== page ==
While the Parent Program is still relatively new, Carroll argues this also makes it more adaptive and receptive to change. In addition to the ingenuity of the online summer connection events, the program made move-in weekend even more special with a hospitality room for students and their parents to take a family photo and have refreshments. Located in the Student Center, this space worked with the already unique circumstances of the year to create a memorable moment for families.

“We’re continually trying to innovate and come up with new ideas on how we can build out parent events. We try to find things to add throughout the year and we hope every year we’ll just  continue to build on it and improve our program,” said Carroll.

Parent engagement is considered to be a high priority in the Office of Advancement, and technological capabilities only expand the capacity to grow. Carroll and her colleagues use online surveys to gather feedback from parents as they transition to more virtual events.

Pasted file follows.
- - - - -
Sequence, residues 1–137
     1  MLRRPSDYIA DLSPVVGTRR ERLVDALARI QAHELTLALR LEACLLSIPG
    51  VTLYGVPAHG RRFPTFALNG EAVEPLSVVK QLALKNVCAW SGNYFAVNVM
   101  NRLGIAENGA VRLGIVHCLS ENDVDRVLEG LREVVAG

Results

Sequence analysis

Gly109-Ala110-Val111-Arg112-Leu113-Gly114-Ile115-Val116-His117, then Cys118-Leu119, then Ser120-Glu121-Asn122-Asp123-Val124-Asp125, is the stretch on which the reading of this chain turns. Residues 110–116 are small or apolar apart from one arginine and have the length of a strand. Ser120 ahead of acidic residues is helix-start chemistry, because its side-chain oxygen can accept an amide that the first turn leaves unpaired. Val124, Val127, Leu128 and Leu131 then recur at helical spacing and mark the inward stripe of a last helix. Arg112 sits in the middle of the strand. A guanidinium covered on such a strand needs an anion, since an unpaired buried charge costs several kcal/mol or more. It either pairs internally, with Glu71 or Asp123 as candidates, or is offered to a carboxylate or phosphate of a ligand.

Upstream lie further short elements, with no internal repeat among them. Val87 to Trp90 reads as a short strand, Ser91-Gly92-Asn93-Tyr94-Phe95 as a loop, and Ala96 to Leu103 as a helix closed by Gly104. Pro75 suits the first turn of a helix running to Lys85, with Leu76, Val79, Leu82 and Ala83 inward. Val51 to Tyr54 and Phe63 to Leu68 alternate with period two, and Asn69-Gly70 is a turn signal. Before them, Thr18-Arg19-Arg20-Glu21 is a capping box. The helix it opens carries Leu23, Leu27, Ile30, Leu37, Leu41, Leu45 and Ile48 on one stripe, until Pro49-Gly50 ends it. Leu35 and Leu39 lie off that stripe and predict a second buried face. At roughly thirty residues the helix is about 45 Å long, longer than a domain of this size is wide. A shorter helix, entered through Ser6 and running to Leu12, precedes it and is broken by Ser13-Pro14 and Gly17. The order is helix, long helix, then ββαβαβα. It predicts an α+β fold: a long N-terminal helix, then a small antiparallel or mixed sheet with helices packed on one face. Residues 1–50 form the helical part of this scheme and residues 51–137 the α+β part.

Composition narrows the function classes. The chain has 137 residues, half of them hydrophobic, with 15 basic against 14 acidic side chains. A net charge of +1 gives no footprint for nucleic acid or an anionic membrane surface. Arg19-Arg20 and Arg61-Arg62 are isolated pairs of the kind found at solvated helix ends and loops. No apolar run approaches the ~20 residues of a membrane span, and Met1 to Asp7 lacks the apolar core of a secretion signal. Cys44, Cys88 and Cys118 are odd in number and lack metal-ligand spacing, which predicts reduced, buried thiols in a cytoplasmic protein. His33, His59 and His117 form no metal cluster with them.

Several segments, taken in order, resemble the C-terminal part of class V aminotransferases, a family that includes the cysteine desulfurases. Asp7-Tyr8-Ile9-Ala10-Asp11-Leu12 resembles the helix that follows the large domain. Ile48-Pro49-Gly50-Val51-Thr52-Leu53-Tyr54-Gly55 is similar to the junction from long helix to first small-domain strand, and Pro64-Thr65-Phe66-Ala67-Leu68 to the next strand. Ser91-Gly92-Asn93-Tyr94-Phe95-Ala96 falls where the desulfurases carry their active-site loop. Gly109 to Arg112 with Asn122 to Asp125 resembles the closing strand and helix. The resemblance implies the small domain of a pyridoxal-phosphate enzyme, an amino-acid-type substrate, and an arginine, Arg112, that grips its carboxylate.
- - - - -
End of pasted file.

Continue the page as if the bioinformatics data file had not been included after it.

“I feel like we’ve seen a lot of positives. COVID has been awful, but it’s forcing us to innovate and rethink things. With our virtual parent gatherings this summer, we would have never thought to put parents online to meet with one another. Now that virtual engagement is becoming more comfortable for people, it actually opens up the avenue for us to do more, not less. I’m excited for the day when we can do a hybrid approach with both in-person and virtual gatherings and people aren’t going to be intimidated by that,” said Carroll.